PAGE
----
For optimum operation of the process of this invention, nitrogen gas may be bubbled through the molten capro lactam during the reaction with the basic catalyst in order to remove any low-molecular weight compound evolved, and in order to prevent oxidation. Alternatively, this reaction with the basic catalyst may be carried out under reduced pressure and the low molecular Weight compound distilled out with some caprolactam.

The following examples are provided to illustrate preferred embodiments of the process of this invention and to show a comparison between the process of this invention and processes of the prior art. These examples are provided to illustrate the invention without any intention to limit it thereto.

EXAMPLES 1-7 In these examples, the following procedure was employed: 16 g. of caprolactam (containing less than .05% water) plus .08 g. (0.85 mole percent) of commercial, 85% KOH were charged to a glass tube and placed in a constant temperature bath at 120 C. Nitrogen was The data in Table I clearly show that the process of this invention is surprisingly more rapid than the prior art processes, while giving a high-quality polycaprolac tam. The additive 1,3-dimethylurea, while effective as a co-catalyst itself, wtih anionic-catalyzed polymerization of caprolactam, provides a very slow rate of polymerization and a lower molecular weight product with a high percent E, which reflects a lower conversion. Commercial utility of polycaprolactam requires that the percent extractables be low, and this is another unexpected advantage of the process of this invention, since the combination of the co-catalyst and 1,3-dimethylurea additive produces a polycaprolactam with a lower percent extractables than is obtained with the use of an active co-catalyst alone. Experiments similar to Example 1 but with the use of increased concentration of benzoyl chloride produced lower rates of reaction than shown in Example 1. Experiments similar to Examples 4 and 6 but employing higher concentrations of the N-acyl captolactam gave higher initial rates of reaction but no increase in rate of solidification and the polymers had higher color; the product became even deeper yellow than in Examples 4 and 6.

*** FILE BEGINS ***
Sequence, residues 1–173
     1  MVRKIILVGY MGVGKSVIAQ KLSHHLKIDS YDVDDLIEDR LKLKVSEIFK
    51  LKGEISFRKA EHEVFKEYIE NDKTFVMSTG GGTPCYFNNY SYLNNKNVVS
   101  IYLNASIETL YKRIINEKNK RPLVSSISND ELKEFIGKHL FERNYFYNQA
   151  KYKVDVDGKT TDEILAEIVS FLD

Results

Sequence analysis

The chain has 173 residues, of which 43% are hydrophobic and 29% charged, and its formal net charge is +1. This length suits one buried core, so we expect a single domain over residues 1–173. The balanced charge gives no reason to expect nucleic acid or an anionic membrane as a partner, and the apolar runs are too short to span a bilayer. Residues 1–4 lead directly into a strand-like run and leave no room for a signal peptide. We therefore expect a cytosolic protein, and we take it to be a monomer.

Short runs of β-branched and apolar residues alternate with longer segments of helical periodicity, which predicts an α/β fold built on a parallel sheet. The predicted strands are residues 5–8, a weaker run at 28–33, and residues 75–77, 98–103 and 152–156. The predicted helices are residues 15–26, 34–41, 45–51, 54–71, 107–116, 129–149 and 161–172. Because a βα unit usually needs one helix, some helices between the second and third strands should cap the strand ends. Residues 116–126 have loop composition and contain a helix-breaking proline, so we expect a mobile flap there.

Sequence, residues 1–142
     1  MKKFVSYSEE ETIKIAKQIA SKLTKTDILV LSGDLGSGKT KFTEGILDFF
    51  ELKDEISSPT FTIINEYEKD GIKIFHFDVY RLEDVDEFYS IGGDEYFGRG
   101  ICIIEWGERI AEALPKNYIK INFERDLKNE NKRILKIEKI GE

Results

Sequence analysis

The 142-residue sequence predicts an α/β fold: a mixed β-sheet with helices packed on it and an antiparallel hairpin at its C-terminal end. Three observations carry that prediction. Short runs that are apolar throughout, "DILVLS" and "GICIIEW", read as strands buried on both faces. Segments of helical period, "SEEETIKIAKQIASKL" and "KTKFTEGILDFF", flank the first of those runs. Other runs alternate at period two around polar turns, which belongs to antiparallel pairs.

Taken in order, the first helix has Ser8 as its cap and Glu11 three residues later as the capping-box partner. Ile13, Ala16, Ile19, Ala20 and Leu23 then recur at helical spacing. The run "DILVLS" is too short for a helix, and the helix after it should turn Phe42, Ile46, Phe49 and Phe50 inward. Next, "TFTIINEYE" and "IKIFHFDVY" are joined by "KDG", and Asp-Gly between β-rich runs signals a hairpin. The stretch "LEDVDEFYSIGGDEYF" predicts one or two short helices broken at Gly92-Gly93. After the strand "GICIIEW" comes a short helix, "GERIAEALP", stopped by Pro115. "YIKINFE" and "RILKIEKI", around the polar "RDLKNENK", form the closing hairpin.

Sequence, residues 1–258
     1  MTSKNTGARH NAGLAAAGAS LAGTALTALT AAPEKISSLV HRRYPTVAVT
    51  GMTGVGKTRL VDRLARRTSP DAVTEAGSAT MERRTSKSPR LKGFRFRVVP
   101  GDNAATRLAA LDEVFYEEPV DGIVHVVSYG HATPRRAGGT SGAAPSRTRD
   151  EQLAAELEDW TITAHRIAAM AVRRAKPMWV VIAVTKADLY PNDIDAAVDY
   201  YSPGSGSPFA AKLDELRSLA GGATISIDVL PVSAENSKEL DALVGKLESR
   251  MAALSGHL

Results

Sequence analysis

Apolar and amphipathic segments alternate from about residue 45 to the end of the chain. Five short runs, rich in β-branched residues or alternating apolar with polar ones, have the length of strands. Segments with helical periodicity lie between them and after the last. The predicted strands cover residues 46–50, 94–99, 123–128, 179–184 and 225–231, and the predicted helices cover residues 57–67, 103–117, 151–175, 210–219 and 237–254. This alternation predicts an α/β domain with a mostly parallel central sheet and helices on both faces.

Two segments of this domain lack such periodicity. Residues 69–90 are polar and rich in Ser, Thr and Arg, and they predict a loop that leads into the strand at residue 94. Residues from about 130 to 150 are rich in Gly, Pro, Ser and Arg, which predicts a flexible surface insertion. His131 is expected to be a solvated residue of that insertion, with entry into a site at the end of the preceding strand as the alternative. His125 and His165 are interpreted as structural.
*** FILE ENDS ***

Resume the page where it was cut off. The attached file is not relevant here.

In the following examples (Examples 8 to 16, tabulated in Table II) 16 g. of caprolactam (containing less than 0.05% water) plus 0.065 g. (0.85 mole percent) of NaOCH were charged to a glass tube and placed in a constant temperature bath at C. Nitrogen was bubbled through the molten caprolactam at a rate of 350 cc. per minute for 20 minutes during which time no polymerization occurred. The co-catalyst and additive, if also used, were then introduced, and the bubbling continued for 1030 seconds. The nitrogen inlet tube was raised and the flow of nitrogen adjusted to 80 cc./min. The homogeneous melt rapidly degassed and became bubble-free. The melt was mantained at 150 C. and observed as described in Examples 17 above. Zero time was taken to the time of introduction of the co-catalyst and additive.

Note that increasing the concentration of N-acetylcaprolactam from 0.2 to 0.6 (Examples 8 and 13) lowered the time required for solidification from 7.5 to 4.5 minutes but yielded a polymer of poorer color and lower molecular weight. The polymerization making use oi 1,3-dimethylurea with only 0.2% N-ace'tylcaprolactam (Example 10) required but 3.5 minutes to solidify and gave much better color. A result similar to that obtained with 1,3-dimethylurea was obtained in the polymerization in which l-acetyl, 3-methylurea was employed as additive (Example 16).